Taxpayers Take Note!
You may soon be asked to pay for the cost of collecting data when developers are drilling privately owned permitted “public” wells in Kerr County. The term “public” just means that the well extends into the Trinity Aquifers. Up to now, the developer of the public well has paid for the data logging equipment usage and a geologists time to collect the data and submit it to the Headwaters Groundwater Conservation Board. Costs can range from $4000 to $6000. I believe both conservative and more liberal thinking citizens can agree that the developer, who will obviously benefit the most from a successful project, should pay for the data collection. Developers pay for other costs including streets, sewer, curb, park space, etc. that they recover from those who buy into or rent portions of their development.
Kerr County has one of the outstanding hydrogeological pictures of the aquifers and well water supplies of any county in Texas. HGCD has monitor wells in place paid for by taxpayer funds. They are monitoring several privately owned wells with the cooperation of well owners. The water in our deep aquifers may take 2000 years to recharge. We may now be in a 30 year drought cycle. Good science can help us manage our water supply. Present and new water users will pay to keep good data collection science in ongoing. Let’s have the developers pay to collect the data for new wells coming on line.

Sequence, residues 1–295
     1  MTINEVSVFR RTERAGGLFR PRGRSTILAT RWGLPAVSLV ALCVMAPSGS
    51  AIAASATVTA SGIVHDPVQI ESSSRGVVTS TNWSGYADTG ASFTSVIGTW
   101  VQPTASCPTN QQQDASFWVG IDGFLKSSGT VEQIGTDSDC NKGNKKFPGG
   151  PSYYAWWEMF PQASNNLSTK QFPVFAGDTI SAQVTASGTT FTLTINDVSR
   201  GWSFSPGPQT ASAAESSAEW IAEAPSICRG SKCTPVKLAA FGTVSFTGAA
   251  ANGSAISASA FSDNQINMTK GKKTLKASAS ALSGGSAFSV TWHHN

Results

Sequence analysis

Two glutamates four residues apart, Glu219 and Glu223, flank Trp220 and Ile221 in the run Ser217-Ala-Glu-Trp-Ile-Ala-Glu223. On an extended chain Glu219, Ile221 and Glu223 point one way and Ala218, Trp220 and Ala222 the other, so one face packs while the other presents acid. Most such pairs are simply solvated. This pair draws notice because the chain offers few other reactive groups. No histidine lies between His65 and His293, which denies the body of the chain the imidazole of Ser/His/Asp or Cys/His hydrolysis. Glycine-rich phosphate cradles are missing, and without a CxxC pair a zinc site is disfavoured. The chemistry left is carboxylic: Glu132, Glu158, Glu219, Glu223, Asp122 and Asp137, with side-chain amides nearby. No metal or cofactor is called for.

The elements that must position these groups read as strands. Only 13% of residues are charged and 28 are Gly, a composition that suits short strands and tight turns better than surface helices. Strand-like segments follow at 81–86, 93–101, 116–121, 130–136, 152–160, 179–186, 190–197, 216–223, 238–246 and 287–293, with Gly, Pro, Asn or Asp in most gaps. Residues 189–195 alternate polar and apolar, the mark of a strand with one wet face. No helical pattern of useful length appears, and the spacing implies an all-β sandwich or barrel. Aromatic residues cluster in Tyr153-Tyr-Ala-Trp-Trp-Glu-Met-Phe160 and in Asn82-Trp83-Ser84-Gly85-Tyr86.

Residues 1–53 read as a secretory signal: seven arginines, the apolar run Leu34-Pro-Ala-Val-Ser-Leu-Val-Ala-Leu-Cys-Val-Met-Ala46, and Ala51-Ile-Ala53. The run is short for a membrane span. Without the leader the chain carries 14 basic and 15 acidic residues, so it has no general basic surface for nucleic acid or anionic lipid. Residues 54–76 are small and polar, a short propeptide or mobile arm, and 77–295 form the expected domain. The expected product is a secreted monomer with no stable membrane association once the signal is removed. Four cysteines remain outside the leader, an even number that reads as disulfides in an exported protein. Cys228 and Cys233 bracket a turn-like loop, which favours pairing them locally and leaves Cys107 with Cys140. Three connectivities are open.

Mark your calendars for October 19(Hearing on Rescinding Rule 8.5) and November 9th(the HGCD Board will vote to Rescind Rule 8.5) I know that about 75% of the voters in Kerr County tend be conservative voters and desire to keep the individualistic entrepreneurial spirit alive. Now is the time to attend the above meetings and let the HGCD Board of Directors know that developers should pay their own way. If a $5000 data collection cost related to developing a $100,000 to $250,000 “public” well would nix a developer’s project then the developer should review the business plan. Spread over a 100 home project the cost is $50 per home. These seemingly minor costs passed to the taxpayer can result over time in less money available for your children and grandchildren’s education. Education in Texas is a better investment right now than providing more financial incentives to developers.
Gary C. McVey, Former Prec. 1 Director, HGCD